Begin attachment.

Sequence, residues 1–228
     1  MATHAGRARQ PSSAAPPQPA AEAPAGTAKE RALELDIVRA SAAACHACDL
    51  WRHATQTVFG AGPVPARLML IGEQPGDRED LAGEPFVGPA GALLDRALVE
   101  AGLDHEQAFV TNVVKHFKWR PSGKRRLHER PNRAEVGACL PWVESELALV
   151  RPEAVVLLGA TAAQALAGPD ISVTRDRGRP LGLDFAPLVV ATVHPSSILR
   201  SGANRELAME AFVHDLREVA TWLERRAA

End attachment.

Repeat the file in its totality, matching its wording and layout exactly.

Sequence, residues 1–228
     1  MATHAGRARQ PSSAAPPQPA AEAPAGTAKE RALELDIVRA SAAACHACDL
    51  WRHATQTVFG AGPVPARLML IGEQPGDRED LAGEPFVGPA GALLDRALVE
   101  AGLDHEQAFV TNVVKHFKWR PSGKRRLHER PNRAEVGACL PWVESELALV
   151  RPEAVVLLGA TAAQALAGPD ISVTRDRGRP LGLDFAPLVV ATVHPSSILR
   201  SGANRELAME AFVHDLREVA TWLERRAA